Paralegals: How to Cope With a Micro-Managing Boss

I belong to several Facebook paralegal groups that I keep up with on an almost daily basis.  Hearing the stories other paralegals are telling about their jobs and daily work is always interesting and enlightening.  Today a paralegal had a good one and it had to do with an attorney boss that was obviously micro-managing his employees to the point of madness.


micro-manager boss


Being micro-managed is frustrating and discouraging. Your progress is often blocked by your boss's need to review and approve everything, and since you never have the chance to suggest improvements or demonstrate your own ability with a micro-manager you have no opportunity to really shine. In this instance, the paralegal came to the group asking for advice on how to handle a recent situation.  She had made the "terrible mistake" of making a single typo in an email that was sent to the defense counsel.  Now her boss insists on reviewing every one of her emails before she sends them.

That seems a bit extreme given it was one typo and this paralegal claimed a near spotless mistake-free work history.  In addition, she was carrying an intense caseload (something a lot of us can relate to).  Her complaint was that in addition to this instance, her boss was also micro-managing multiple other tasks she performs including the very mundane task of filing.  She was nervous all the time, was becoming filled with self doubt, and her work pace was being throttled.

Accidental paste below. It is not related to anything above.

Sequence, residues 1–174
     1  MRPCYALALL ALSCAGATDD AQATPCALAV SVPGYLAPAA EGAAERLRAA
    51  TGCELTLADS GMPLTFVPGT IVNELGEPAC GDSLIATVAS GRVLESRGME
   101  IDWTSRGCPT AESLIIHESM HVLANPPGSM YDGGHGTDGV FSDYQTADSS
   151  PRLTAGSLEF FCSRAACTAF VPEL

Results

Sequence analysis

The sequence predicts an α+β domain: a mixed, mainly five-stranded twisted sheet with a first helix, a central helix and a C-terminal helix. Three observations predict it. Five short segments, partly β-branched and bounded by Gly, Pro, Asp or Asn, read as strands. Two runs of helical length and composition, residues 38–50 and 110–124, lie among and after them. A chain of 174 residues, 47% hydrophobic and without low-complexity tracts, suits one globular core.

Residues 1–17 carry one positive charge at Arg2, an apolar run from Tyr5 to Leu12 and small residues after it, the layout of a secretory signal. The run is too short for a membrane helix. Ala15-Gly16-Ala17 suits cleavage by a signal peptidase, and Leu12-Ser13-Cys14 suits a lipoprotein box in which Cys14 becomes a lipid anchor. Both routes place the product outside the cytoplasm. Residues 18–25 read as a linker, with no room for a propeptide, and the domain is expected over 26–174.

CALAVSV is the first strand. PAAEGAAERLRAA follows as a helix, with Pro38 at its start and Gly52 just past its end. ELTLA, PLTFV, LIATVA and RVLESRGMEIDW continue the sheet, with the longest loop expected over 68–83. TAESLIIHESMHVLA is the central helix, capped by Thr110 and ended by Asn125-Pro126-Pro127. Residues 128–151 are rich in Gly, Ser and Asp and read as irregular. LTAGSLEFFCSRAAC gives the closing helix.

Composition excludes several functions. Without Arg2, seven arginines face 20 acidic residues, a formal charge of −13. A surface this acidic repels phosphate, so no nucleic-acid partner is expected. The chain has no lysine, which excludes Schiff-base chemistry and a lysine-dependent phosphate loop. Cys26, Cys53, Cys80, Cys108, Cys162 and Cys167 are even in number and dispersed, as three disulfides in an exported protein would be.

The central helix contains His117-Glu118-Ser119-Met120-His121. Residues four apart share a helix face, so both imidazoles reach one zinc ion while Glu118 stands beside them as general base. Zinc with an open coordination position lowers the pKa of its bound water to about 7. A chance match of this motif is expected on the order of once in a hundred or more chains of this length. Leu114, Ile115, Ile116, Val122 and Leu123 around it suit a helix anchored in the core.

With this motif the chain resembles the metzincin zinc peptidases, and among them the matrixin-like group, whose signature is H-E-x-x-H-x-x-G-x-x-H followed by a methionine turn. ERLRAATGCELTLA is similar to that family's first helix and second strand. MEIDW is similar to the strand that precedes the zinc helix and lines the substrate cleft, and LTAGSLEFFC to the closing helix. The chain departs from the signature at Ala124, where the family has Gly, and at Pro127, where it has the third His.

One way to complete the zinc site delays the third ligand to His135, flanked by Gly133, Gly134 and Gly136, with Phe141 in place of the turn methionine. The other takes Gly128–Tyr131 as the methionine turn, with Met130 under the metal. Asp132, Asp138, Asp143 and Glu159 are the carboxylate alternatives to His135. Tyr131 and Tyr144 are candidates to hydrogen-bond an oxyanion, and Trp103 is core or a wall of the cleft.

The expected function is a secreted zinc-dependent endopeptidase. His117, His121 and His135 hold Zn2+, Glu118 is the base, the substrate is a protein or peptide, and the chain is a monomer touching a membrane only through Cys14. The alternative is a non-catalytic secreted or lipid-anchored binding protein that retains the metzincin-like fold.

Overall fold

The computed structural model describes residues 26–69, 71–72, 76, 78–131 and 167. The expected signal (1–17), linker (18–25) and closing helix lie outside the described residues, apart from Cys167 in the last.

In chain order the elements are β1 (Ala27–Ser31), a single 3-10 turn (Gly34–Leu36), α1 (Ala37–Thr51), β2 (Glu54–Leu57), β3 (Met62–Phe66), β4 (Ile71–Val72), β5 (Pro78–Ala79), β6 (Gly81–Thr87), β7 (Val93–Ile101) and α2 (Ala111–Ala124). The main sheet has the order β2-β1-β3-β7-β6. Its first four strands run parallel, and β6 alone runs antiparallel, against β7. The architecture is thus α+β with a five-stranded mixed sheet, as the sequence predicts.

The micro-managers scrutiny and attention to detail will take time away from your job, putting you in a no-win situation. You may also feel confused by contradictory messages and information you receive from your boss, which reflects his/her shifting (and sometimes mutually exclusive) priorities and goals.

The good news is that you, as paralegals, can reduce the stress and strain of working for a micromanager attorney-boss. However, you can help only yourself because you won't be able to rehabilitate your micromanaging boss.

The first thing you can do is replace your boss with your own positive inner coach boss. Talk to yourself and treat yourself the way you want to be managed. Encourage, empower, appreciate and value yourself and your ideas. Secondly, be prepared, be thorough with each task, be able to back up your work with proof, and keep a smile on your face.



  • Prepare in advance for scheduled calls/visits with your boss and certainly be ready for surprise calls and visits. Always have an update on the tip of your tongue. If the boss is nearby, expect a visit and have a detailed response ready.
  • Learn your boss's pattern and anticipate it. He/she will call you less if you always have the info ready and may learn to trust you. 
  • Get detailed project instructions from your boss in order to avoid future errors. 
  • Pay attention when your boss shows you his/her priorities and concerns, then play to those aspects to your advantage.
  • When presenting options, provide two equally acceptable alternatives so that your boss feels as though they have control when choosing one.
  • If he/she calls unexpectedly and you are dealing with a time-sensitive problem, ask if you can get back to them. Let them know you must prioritize it. 
  • If the boss won't listen to your perspective, enlist the aid of statistics, representatives or other authority figures whom the boss respects to win your point.